After some searching, I learned that making mochi could be a very intensive process, but one that has persisted through centuries of Japanese New Year celebrations. Telling the story of the mochi barrel then became about the process and science behind its function. The more I learned the more I saw these lines of questioning coming together: I wondered if their oppressive experience in internment camps made even more important to preserve cultural rituals like mochi making in their lives.

Questioning Through Artifacts

If you ever find one compelling object or image, don’t hesitate to bring it into your classroom, and use it to build out a lesson. Students are curious; when you let them observe an object for some time, and then ask what they see, they often respond with questions that cut to the core of why the object exists in the first place. They are often able to intuit the purpose of an unfamiliar object from what they already know. They can use their questions as a guide to research the historical context that fills in gaps of knowledge about the object and, potentially, creates more questions. In this process, there doesn’t always have to be just one story—strands of history inherently relate because they all tie back to that one original object.

Through this process, students seek a holistic view of an artifact or image, weighing information for value and bias and how it does or does not fit into the object’s story.  There may be no bad questions, but there are certainly deeper questions that lead to higher-quality answers. By pushing students to question what they see through an intensive engagement with a single object, you hone a process of learning to interpret and draw meaning that enhances the way that students view the world around them. The Sasaki family and their mochi barrel provide the perfect example of why these skills serve students so well. The Sasakis do not play a role in any of the great triumphs and magnificent failures that would characterize a history of Cleveland in the twentieth century, but the ways in which they experienced internment and remade their lives tell us much about what is possible to find in between the events in our history books.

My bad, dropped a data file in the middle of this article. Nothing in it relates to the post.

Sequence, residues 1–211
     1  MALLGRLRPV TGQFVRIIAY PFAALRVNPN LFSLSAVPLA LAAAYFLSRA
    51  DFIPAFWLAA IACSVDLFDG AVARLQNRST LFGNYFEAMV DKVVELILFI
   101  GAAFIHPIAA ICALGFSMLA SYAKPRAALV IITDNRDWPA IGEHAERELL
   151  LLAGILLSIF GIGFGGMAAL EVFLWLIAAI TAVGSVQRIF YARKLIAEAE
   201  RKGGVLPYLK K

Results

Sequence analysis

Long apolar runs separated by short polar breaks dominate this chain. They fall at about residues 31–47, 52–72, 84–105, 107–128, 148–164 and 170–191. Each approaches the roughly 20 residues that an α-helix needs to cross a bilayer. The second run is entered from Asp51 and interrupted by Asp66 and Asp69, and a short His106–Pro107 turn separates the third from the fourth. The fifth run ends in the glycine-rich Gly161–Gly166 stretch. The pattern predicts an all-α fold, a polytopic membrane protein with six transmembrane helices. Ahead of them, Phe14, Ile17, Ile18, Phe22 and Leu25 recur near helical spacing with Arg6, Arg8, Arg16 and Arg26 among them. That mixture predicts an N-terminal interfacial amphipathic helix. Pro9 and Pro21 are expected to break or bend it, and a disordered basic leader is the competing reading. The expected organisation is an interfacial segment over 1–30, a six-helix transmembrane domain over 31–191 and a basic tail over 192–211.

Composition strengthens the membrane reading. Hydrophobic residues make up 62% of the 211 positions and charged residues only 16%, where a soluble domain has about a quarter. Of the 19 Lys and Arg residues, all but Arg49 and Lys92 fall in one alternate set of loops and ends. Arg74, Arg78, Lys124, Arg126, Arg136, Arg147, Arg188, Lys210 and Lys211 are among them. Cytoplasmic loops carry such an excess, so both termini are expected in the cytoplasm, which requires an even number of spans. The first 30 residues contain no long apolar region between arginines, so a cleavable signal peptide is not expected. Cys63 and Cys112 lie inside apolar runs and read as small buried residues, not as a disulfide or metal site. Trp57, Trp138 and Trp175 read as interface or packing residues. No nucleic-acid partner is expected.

The Cleveland History Center is a Smithsonian Affiliate museum that collaborated on the Teacher Creativity Studio program. This program received Federal support from the Asian Pacific American Initiatives Pool administered by the Smithsonian Asian Pacific American Center.

Coming up in Affiliateland in March 2019

Congratulations to Affiliates on these great programs!

NEBRASKA
The Durham Museum opens American Democracy: A Great Leap of Faith, a SITES exhibition, on 3.2. National Museum of American History curator Dr. Barbara Clark Smith will deliver a public talk on her new book about resistance in revolutionary America in Omaha, 3.5.

RHODE ISLAND
National Museum of American History curator Dr. Claire Jerry will present a talk on Woman Suffrage with the Rhode Island Historical Society in Providence, 3.7.

NEW YORK
Mary Elliott, curator at the National Museum of African American History and Culture, will deliver the keynote address at the Long Island Museum‘s day-long symposium, Surviving Slavery on Long Island in Stony Brook, 3.9.

Diana N’Diaye of the Smithsonian Center for Folklife and Cultural Heritage will give a talk on the Will to Adorn: Stories of African American Dress and Identity project as part of the Questioning Identity lecture series at the Rockwell Museum in Corning, 3.27.

FLORIDA
The Mennello Museum of American Art opens the Art of the Airport Tower exhibition from the National Air and Space Museum, in Orlando, 3.14.

MASSACHUSETTS

photograph

President Kennedy with VonBraun

Dr. Michael Neufeld, curator at the National Air and Space Museum, will present a lecture titled Space Hero or Nazi Villain? The Life of Wernher von Braun as part of the Moon Landing in Context project at Framingham State University in Framingham, 3.28.

Kudos Affiliates! March 2019

Congratulations to these Affiliates on their recent accomplishments! Do you have kudos to share? Please send potential entries to Aaron Glavas, GlavasC@si.edu.

FUNDING

The Northampton County Department of Community and Economic Development announced the recipients of the 2019 Hotel Tax Grant Awards. The awards include $20,000.00 to the National Museum of Industrial History (Bethlehem, PA) for its Regional Tourism Marketing Campaign; $15,000.00 to Historic Bethlehem Museum & Sites (Bethlehem, PA) for its Heritage Tours Program and $15,000.00 for its 1750/1761 Moravian Smithy Program.